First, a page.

Elmwood: Molasses, Gerrymandering and Derek

Along with getting used to the administrative rigmarole of the job, President-elect Derek C. Bok will have to make another sharp adjustment when he takes office this July. Bok will move into Elmwood, the official residence of Harvard's dean of the Faculty, instead of inhabiting the present presidential home at 17 Quincy St.

Good Atmosphere

Bok said last January that his primary reason for bypassing 17 Quincy St. is to have a good atmosphere in which to bring up his three children. Elmwood is situated on Mt. Auburn St. at Elmwood Avenue in the midst of a quiet, shady residential neighborhood, while the house at 17 Quincy St. overlooks the Faculty Club, Lamont Library, and the traffic along Mass Ave.

In a University where history and tradition have perhaps received more than their just due, Elmwood is one of the few truly historic buildings. Built in 1767, it served as headquarters for one of the leading Royalists during the American Revolution, and later, as a hospital for General Washington's troops.

Molasses

The house was built by Thomas Oliver, a member of the Class of 1753, from the inherited fortune of a wealthy English trader in the West Indies who dealt primarily in molasses and slaves.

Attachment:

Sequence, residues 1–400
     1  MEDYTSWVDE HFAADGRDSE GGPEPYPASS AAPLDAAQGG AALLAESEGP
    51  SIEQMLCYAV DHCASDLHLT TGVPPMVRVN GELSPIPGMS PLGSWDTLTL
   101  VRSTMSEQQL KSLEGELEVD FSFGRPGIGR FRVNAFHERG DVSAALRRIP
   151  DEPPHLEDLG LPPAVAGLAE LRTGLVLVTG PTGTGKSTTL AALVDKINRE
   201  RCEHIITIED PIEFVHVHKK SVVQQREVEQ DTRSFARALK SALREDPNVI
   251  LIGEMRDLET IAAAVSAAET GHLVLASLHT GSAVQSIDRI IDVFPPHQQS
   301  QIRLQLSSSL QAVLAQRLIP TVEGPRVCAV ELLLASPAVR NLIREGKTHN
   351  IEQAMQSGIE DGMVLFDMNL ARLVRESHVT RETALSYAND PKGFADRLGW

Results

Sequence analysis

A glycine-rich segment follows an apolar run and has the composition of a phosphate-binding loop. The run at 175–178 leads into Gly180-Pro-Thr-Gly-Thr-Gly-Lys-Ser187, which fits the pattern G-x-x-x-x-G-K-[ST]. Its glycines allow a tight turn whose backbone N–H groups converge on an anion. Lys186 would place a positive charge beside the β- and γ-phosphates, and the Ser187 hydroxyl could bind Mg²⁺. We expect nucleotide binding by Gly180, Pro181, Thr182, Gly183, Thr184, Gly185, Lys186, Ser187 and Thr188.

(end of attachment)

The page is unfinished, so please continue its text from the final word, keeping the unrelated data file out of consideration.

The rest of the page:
Oliver, who used Elmwood to quarter a number of General Burgoyne's British troops, was made to leave the house after the Revolution. It is recorded in his class report that the new government was upset following Olivers eviction when it found an emaciated, undernourished slave child there and had to care for it.

Elmwood was sold by the Commonwealth to Andrew Cabot in 1780, who in turn sold it to Eldridge Gerry, Class of 1792, a politician who spawned the term "gerrymandering." After that, the house passed into the hands of James Russell Lowell, Class of 1838, who turned it into an important visiting place for prominent foreigners.

Most recently the house has served as the home of former dean of the Faculty Franklin L. Ford, and has been used by Dean Dunlop for entertainment purposes. For more than a year, Dean Ford's dog reportedly lived alone in the house in the presence of two servants,.

Though the house at 17 Quincy St. has not nearly so illustrious a past as Elmwood. it has received some measure of fame. Built in 1910 by President Abbott Lawrence Lowell, Class of 1877. it served as a training center during World War II for the Navy V-12 program. During that time, neophyte sailors kept a 24-hour watch and "swabbed its decks" every few days.

Bok's sole worry about Elmwood concerns its small capacity for dinner guests, and he plans to enlarge the dinning area. But. he said recently, he hopes the job can be done at a reasonable price; "After all, I can't preach parsimony to the University and be profligate in my own affaires."

It is unclear at this time just what will happen to the house at 17 Quincy St., though there has been talk of an underground extension of Lamont Library and office room for Bok's enlarged staff. Smiling, Pusey said yesterday that "There are lots of people who have designs on that space."